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Key points

  • You can find detailed information on pension scams, including a checklist to help you identify them, in our action pack.
  • You can use the scorpion leaflet and booklet to make members aware of pension scams.
  • You should direct a pension scheme member to Action Fraud if you suspect a pension scam, or to the Pensions Advisory Service for further advice.

Pension scams action pack

Our pension scams action pack provides administrators with guidance on how to proactively educate their members about pension scams and a checklist to help spot them.

Pension scams scorpion leaflet

We're asking all administrators to include our pension scams scorpion leaflet in their annual benefit statements and when issuing transfer packs to members.

If you currently issue annual statements and transfer packs via third parties, you should consider if they should now be sent direct to members.

You can also download a Welsh version of the pension scams leaflet.

Pension scams scorpion booklet

We're calling on administrators and pension providers to ensure that members receive regular and clear information about the risk of pension scams.

Members should receive regular information on how to spot pension scams, for instance with their annual pension statement. You could include the scorpion booklet in any member communications or link to it from your scheme or employer websites:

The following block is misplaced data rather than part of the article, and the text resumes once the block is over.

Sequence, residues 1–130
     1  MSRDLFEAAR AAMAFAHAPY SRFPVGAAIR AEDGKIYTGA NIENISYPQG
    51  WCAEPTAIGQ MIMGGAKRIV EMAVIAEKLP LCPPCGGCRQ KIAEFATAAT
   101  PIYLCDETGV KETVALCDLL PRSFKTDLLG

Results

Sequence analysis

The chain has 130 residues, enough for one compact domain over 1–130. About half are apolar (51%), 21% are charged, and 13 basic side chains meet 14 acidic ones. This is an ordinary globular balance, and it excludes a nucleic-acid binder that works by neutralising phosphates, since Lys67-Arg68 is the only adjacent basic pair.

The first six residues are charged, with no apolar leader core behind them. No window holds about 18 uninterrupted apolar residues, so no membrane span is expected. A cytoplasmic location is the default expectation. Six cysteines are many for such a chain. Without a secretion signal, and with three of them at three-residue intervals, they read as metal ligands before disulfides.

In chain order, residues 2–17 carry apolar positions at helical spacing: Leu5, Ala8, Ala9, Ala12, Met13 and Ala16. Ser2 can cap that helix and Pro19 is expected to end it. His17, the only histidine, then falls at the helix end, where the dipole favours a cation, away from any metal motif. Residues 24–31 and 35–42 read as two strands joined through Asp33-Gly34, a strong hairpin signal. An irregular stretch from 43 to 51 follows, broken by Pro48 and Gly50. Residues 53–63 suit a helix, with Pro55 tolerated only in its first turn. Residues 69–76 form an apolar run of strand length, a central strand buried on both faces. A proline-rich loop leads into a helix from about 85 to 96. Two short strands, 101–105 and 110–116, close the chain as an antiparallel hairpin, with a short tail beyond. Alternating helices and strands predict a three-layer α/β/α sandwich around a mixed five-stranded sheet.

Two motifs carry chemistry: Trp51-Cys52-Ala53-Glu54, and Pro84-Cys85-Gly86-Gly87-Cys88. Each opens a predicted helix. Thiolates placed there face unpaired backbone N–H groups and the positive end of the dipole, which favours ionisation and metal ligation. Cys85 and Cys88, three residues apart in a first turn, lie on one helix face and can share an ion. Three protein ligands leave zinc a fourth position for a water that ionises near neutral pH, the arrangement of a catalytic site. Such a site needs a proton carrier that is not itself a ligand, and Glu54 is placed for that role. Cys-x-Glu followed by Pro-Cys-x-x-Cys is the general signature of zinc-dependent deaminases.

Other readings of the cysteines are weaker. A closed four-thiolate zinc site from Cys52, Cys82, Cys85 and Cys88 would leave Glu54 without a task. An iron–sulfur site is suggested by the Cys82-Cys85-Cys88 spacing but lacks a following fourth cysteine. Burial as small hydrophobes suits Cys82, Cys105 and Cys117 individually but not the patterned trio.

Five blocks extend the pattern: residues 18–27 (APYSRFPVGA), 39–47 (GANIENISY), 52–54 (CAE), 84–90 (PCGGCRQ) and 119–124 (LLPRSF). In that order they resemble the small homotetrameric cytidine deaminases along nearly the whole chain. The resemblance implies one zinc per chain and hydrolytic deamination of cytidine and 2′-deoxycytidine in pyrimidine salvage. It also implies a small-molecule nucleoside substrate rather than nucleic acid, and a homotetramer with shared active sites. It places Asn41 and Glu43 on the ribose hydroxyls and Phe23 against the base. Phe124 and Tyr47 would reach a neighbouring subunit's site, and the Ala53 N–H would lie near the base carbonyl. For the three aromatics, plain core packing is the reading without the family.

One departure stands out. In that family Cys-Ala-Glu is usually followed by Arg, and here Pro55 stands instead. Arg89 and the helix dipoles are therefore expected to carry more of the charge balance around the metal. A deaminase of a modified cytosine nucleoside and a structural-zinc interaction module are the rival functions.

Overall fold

You can also download a Welsh version of the pension scams booklet.

Next steps if you have concerns about pension scams

Contact the pension scheme member to establish whether they understand the type of scheme they’ll be transferring to and send them the pension scams scorpion booklet.

Speak to the member at risk – over the phone, via email or letter. It could help you establish answers to more of the questions in the checklist in the pension scams action pack, where you’ve been unable to answer them with the information you have available.

Direct the member to Action Fraud if you think it’s a pension scam, or the Pensions Advisory Service who can help them understand the potential tax consequences of the transfer if any part of the arrangement is deemed as unauthorised.

If the member insists on proceeding with their transfer request, and your concerns remain, then you should alert Action Fraud yourself. There could still be time to protect this member, or others who follow in their footsteps.

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